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This I Believe: The Power Of Trying

Aron Suszko headshot
Rachel Lattimore
NPR Illinois | 91.9 UIS

I have always believed in something that few seem to grasp. Something that you wouldn’t expect. I believe in trying. Not success, not failure but simply trying. The power of trying does not make itself very apparent because there are too many people (myself included) that aren’t brave enough to step up to the challenge. When I was diagnosed with attention deficit disorder, I felt the world had dealt me a losing hand, and there was nothing that I could do. I slogged through life for the longest time, content that my fate of failure was sealed.
In the course of my slogging, I had a realization: I wasn’t alone. As it turns out, one in five high school boys and one in eleven high school girls have received an A.D.D. or A.D.H.D. diagnosis. Who are these people? How did they succeed with their learning disability? Along with help from many understanding educational professionals along the way, I found a shockingly simple answer.  They tried. Every day I watch hundreds of people who have the potential to succeed, simply refuse to try. I know that pain. I know what it feels like to be sidelined by yourself. I know it can be fought because it’s something I have fought my entire life. If I have learned anything from the past 19 years of living my life, I learned you can accomplish more than you think you can when you put forth enough effort. The world does not change itself, it needs innovators who commit to changing the world. We need people that commit to trying, even if they fail. History remembers both sides of trying, success and failure. Trying is how the story of the world is written, and my story began with refusing to accept my circumstances and limitations. I used to look at the world and only see things I couldn’t do. Now, the opposite is true. Now I look at the world, knowing that there is nothing I can’t do.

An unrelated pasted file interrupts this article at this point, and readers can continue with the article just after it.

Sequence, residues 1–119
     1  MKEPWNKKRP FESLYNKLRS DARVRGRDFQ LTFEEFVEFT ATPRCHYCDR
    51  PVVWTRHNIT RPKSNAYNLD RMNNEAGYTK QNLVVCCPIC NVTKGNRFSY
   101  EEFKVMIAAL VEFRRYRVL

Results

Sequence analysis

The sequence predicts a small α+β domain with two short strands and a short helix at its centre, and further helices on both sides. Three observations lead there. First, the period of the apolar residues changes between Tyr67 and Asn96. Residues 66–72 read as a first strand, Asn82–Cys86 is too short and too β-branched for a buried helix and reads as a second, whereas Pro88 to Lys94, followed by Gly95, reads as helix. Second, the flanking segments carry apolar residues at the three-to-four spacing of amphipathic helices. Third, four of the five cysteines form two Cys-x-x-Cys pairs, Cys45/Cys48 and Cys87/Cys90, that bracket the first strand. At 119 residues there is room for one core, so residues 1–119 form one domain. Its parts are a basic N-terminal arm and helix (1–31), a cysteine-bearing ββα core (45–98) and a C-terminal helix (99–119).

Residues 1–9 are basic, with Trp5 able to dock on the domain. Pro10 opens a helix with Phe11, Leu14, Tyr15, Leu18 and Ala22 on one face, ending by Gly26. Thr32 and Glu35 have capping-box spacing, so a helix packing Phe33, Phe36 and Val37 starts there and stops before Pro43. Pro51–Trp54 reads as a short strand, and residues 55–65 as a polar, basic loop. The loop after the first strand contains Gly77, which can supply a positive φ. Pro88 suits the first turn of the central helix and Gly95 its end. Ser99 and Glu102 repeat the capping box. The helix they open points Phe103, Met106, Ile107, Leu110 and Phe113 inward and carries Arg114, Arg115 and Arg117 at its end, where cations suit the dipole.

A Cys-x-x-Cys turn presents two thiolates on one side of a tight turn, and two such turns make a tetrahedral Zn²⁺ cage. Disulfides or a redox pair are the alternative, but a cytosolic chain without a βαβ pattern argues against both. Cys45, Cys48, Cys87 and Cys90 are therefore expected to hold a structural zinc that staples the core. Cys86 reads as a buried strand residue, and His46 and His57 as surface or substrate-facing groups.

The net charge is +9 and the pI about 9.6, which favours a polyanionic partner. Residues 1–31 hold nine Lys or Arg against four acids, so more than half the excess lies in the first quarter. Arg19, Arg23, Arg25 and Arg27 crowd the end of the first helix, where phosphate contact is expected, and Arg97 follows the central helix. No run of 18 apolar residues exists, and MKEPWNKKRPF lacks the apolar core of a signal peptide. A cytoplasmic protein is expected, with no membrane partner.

My middle school art teacher, Ms. Lipsky, taught me a valuable lesson in art and in general.
She said the hand creates what the mind sees. Essentially, your perception of your work, as well as being able to visualize what you want to create, determines how good your work will be. Your perception of your life counts as much as your actions do. It is your perception of the world that drives your action to change it. When you see the world as sketch paper, a canvas or a computer screen, you realize that it is something that you can shape and change. It changes you.

Everyone is capable of incredible feats. The world is waiting for the next great story to be written, the next great work of art. People truly can make the world a better place to live in, if they would just pick up a pencil, a brush or a keyboard, and try.

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